Inside, as the children's choir broke into a choral anthem, Weinhold's wife, Julie, craned her neck, looked upwards, and managed a smile. Many children's choir members are classmates of the couple's four children: Sam, 11; David, 8; Natalie, 6; and Christine, 3. Sam sat in the crook of his mother's arm; Natalie slept in the arms of a relative, clutching a stuffed dog, white tights and red patent leather shoes dangling.
Pastor Allen Schade based his sermon on Psalm 33. Weinhold had it marked in his devotional Bible, which sat on the family's hearth in their home in St. Peters. Schade spoke of Weinhold's faith, humor, devotion to his wife and children, and his devotion to God.
"Rick knew another man who put his life on the line, " said Schade. "He knew about Jesus Christ, who left his cushy throne job in heaven overseeing the universe to put himself in danger. "
Weinhold, Schade continued, "knew that body armor was no comparison to the breastplate of righteousness, the shield of faith, the helmet of eternal salvation, and the sword of the spirit."
After a hymn, the Lord's Prayer, and a benediction, the organ pipes and chests rumbled once more. Son, David, still tucked in the crook of his mother's arm, followed his father's casket down the aisle and raised a fist to his eye, kneading away tears.
Outside, the rows and rows of officers had moved to either side of the doorway of the red brick church. Eight pallbearers, all officers wearing white gloves, brought the casket out the door, and the rows of officers stood silent, saluting.
Son David, wearing a suit and carried by a relative, looked wide-eyed at the scene. The only sound, the muffled rumble of police and television helicopters, bore down from the clear blue sky.
The eight-mile long funeral procession, mostly hundreds of police cars with sirens off and lights flashing, took a half hour to leave the church, passing crowds of people who stood on curbs, some with hands over their hearts. The procession wove from Interstate 70 to Interstate 270, through North County, and past the precinct station where Weinhold worked as a supervisor this past year. At the station, officers stood in line out front, saluting. The procession moved back to Lucas and Hunt Road, where officers with black bands over their badges guided vehicles into the cemetery.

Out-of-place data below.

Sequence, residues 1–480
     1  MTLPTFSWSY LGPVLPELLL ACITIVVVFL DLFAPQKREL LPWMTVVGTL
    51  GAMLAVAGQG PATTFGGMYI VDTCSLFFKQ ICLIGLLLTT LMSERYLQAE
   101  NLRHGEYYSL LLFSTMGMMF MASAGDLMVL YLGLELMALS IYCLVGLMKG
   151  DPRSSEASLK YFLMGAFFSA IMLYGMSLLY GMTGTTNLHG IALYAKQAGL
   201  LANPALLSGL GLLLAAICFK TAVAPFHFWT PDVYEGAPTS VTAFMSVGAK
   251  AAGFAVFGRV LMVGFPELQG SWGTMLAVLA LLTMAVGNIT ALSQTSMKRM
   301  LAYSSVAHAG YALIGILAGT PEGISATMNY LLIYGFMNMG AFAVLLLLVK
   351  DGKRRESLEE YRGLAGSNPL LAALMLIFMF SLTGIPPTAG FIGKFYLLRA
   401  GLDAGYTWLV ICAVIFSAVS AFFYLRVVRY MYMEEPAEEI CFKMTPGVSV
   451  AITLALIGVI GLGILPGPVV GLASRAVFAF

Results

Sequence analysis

At the grave site, officers stood at attention, forming a silent, saluting line on either side of a grassy aisle. The pallbearers carried Weinhold's casket between the officers, and the family followed. Chaplain Stephen Lee, who worked with Weinhold as a member of the Peace Officer's Ministry, offered a prayer and read a letter Weinhold had written to him. In the letter, Weinhold had thanked Lee for the police officer's Bible he received from the ministry and asked Lee for another Bible - Weinhold had someone in mind who needed one.
Lee implored the hundreds of officers standing at rank to follow their colleague's lead and find backup in each other and in their faith. As Weinhold would tell you, Lee said, "Take care of yourselves, take care of those you love. Never forget the peace officer who comes to protect and serve you."
The officers stood at attention, many not even shivering in the crisp, clear air. Four rifle cracks from an honor guard blasted from the distance, and a baby wailed. Weinhold's colleagues, in brown dress uniforms and white gloves, folded the American flag from their friend's casket and gave it to Julie Weinhold, who held a drowsy daughter Christine in her arms.
The sun began to lower in the sky, illuminating the golden trees. The silent officers broke rank. Some wiped tears away from their faces, hugged their colleagues, and then began crying like children.
They had put their faithful warrior to rest.
Christine Byers • 314-340-8087
@christinedbyers on Twitter